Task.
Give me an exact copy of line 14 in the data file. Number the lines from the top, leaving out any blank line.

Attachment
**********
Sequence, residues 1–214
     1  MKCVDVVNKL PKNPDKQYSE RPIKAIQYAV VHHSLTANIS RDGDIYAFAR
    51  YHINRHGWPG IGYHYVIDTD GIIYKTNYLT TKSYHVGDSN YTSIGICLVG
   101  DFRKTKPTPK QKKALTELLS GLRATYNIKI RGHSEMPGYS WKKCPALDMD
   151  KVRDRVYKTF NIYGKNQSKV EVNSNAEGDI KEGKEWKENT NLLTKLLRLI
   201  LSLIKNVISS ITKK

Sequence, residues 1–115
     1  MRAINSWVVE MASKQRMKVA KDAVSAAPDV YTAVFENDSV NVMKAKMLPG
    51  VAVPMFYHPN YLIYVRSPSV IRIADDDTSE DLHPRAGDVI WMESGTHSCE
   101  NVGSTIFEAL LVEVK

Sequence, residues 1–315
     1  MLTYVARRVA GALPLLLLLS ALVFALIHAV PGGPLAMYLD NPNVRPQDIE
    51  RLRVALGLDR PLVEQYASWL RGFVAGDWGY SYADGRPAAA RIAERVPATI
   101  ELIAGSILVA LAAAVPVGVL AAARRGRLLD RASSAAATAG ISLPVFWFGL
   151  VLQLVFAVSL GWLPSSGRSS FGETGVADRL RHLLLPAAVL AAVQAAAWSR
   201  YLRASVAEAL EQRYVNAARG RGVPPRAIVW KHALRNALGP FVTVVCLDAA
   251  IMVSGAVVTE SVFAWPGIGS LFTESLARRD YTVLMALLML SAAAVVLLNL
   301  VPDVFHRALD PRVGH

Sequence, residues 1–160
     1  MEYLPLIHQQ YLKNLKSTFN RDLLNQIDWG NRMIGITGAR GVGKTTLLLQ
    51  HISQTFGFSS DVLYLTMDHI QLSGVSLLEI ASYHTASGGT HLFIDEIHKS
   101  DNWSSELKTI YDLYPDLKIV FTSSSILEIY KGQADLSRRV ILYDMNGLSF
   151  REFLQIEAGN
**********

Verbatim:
   101  ELIAGSILVA LAAAVPVGVL AAARRGRLLD RASSAAATAG ISLPVFWFGL